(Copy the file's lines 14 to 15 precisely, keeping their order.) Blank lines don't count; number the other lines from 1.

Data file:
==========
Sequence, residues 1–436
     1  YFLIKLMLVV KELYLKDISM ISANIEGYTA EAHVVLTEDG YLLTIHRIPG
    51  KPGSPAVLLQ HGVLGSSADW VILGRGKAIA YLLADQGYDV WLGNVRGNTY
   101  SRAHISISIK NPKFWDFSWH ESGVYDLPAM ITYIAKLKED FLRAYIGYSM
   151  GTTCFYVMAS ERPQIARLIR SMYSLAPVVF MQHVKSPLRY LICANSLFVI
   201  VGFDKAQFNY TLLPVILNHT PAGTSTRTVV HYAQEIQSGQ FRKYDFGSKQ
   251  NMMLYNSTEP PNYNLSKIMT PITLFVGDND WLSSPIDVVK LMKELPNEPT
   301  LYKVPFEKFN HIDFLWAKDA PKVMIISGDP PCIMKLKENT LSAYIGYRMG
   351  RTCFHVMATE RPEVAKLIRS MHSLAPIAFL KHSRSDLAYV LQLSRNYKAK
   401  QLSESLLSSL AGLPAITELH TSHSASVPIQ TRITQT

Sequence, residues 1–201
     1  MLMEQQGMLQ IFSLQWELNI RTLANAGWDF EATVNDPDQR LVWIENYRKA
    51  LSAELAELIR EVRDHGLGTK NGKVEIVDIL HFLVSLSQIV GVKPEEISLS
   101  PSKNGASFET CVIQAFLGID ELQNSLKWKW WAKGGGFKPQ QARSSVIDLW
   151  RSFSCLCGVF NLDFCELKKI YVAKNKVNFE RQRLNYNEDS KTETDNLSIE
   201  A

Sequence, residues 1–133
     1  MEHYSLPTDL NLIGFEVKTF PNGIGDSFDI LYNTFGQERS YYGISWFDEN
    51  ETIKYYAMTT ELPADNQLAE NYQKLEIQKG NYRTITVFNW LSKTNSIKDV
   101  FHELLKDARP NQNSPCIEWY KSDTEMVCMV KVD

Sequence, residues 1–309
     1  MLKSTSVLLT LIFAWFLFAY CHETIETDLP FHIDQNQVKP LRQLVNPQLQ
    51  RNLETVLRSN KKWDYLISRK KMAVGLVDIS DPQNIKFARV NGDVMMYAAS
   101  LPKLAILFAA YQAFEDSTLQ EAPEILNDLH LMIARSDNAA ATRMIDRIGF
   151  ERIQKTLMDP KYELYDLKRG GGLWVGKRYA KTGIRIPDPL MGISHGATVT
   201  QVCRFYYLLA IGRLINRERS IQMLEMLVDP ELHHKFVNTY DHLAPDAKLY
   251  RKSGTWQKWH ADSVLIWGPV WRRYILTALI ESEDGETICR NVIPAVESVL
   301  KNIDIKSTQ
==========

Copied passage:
   101  PSKNGASFET CVIQAFLGID ELQNSLKWKW WAKGGGFKPQ QARSSVIDLW
   151  RSFSCLCGVF NLDFCELKKI YVAKNKVNFE RQRLNYNEDS KTETDNLSIE